Who are the real entryists?
Friday 31st July 2015
SOLOMON HUGHES on the widely ignored million-pound operation to stop Corbyn and boost Kendall – which even one of its leading members calls ‘an unaccountable faction dominated by a secretive billionaire’
THIS week the Sunday Times claimed: “Evidence [has] emerged that hard-left infiltration is fuelling a huge surge in [Labour] party membership.”
It launched a wave of hysteria, with claims that Jeremy Corbyn’s success in the leadership campaign is powered by “outside agitators.”
Except there isn’t really any “evidence.” Apart from evidence that a large number of people are joining the Labour Party who like Corbyn. The party is being “infiltrated” by the public, which is what they said they wanted. Until the wrong kind of people turned up.
The press and television have been mesmerised by the non-existent conspiracy of 150,000 co-ordinated “hard leftists” paying their £3 memberships to join Labour. At the same time they have ignored a million-pound operation to stop Corbyn and boost Liz Kendall — an operation that even one of its leading members calls “an unaccountable faction dominated by a secretive billionaire.”
This unaccountable faction is called Progress. It acts like a party-within-a-party inside Labour, backing individual candidates and policies. It is rarely talked about in the national press, but is a big influence in the Labour Party.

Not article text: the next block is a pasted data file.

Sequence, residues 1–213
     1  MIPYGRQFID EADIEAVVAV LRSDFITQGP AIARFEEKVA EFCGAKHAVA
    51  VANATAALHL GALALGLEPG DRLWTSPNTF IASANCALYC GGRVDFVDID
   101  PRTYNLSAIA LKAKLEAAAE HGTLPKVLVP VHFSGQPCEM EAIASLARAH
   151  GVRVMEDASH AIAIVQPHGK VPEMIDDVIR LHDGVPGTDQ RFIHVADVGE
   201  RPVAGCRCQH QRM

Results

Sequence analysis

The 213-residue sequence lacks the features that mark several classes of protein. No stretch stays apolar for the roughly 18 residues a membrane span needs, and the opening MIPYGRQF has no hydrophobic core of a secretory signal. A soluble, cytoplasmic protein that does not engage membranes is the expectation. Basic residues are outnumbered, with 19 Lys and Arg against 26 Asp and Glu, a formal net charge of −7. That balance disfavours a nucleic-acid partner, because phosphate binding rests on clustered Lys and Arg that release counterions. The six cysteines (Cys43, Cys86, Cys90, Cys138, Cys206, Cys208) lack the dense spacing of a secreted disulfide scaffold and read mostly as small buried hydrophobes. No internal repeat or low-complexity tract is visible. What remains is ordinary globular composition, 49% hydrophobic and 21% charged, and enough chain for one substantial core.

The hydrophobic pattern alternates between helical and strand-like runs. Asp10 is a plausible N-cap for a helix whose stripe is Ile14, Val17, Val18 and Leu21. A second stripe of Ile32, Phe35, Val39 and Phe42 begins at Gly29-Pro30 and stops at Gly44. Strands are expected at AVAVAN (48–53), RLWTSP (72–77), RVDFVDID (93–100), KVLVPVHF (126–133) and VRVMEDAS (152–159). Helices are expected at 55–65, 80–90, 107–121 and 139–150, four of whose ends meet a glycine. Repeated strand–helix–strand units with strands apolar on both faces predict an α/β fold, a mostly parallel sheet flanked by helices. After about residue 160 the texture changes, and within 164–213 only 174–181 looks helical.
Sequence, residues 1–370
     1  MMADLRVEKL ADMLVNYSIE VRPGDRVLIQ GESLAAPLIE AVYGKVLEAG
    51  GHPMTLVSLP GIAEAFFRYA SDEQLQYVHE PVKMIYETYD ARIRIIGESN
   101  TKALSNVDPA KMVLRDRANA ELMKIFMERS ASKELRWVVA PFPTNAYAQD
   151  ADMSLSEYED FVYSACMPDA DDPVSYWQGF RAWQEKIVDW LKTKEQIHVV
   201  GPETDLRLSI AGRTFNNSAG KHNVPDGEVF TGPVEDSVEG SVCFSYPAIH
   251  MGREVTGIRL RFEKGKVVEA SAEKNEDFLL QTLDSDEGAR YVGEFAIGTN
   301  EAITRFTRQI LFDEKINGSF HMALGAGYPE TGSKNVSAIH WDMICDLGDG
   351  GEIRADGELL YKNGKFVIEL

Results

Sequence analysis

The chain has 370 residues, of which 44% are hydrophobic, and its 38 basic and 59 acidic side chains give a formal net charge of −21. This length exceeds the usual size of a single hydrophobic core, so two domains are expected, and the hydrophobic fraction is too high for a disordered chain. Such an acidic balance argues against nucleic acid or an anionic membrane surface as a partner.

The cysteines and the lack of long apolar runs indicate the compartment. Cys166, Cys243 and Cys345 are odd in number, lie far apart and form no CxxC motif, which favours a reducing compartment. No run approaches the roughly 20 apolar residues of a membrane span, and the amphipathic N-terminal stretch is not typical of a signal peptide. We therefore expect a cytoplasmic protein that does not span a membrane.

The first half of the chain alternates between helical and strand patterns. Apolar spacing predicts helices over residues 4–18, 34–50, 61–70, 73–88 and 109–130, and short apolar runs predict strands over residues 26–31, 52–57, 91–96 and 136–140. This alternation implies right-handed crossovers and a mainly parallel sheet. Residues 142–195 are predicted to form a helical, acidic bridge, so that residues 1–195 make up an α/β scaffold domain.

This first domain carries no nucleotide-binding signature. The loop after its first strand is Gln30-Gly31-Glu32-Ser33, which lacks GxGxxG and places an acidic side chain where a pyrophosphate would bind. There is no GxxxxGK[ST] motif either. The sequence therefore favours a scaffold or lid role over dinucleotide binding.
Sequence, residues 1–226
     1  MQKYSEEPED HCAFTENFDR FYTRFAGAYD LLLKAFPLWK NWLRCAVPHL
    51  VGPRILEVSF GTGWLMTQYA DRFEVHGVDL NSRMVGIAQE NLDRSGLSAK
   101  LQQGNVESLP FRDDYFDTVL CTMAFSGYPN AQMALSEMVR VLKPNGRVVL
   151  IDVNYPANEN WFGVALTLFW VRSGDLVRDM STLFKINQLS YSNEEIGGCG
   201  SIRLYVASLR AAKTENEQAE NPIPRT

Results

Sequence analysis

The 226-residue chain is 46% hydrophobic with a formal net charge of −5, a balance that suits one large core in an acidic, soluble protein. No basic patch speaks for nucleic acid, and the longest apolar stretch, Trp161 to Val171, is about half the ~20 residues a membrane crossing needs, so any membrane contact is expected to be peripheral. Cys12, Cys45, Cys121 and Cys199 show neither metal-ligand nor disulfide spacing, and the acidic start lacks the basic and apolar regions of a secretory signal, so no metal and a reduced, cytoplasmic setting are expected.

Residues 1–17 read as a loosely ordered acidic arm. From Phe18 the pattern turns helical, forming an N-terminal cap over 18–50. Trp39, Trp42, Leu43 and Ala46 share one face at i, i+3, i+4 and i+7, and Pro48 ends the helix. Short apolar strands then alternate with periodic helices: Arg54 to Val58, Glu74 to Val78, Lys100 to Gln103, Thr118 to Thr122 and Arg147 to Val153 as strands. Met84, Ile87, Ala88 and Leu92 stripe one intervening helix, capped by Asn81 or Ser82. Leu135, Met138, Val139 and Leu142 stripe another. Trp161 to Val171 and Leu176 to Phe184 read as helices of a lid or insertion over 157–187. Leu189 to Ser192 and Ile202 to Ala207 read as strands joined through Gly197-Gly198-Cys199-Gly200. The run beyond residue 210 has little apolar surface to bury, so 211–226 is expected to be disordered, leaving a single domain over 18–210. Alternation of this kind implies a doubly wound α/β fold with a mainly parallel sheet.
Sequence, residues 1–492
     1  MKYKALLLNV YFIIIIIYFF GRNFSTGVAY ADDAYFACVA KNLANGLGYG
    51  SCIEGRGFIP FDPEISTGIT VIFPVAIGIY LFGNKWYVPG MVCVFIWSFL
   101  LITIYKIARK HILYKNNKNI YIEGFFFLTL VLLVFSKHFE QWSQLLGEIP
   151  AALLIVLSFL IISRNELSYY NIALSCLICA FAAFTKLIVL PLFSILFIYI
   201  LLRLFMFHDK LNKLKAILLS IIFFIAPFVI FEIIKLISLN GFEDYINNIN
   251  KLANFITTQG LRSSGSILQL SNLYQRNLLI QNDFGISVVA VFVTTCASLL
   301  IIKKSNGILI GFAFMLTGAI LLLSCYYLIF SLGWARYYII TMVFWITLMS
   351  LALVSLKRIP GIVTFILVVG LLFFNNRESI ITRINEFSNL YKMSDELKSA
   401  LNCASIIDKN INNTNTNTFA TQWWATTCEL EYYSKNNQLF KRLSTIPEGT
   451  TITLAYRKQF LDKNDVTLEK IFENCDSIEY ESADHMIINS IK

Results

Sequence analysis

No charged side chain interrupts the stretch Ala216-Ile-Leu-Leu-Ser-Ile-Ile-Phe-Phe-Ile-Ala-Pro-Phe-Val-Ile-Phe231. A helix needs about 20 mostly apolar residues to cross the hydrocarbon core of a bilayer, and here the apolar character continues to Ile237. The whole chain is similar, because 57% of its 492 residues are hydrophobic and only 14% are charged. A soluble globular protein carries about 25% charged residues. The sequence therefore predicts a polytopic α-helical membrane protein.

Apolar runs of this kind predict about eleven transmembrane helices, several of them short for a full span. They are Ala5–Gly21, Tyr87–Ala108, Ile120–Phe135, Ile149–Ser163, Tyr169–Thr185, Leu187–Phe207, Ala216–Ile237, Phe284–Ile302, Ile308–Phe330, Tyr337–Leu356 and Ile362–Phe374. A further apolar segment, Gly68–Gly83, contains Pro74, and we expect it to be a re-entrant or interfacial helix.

Progress runs on £260,000-a-year funding from Lord Sainsbury. He used to fund the Labour Party, giving over £6.3 million between 2005 and 2010. But he stopped funding Labour when Ed Miliband got elected. Angry at Miliband’s fairly timid shuffle to the left, Sainsbury went on a rich man’s strike.
But he didn’t just take his money and go home. Instead of funding Labour, he funds Progress, whose job is to keep Labour Blairite. Progress’s income since 2010 is about £1.5m.
Progress, through its website, its weekend school, its meetings at Labour’s conference and its activist network push the candidates and policies Sainsbury likes.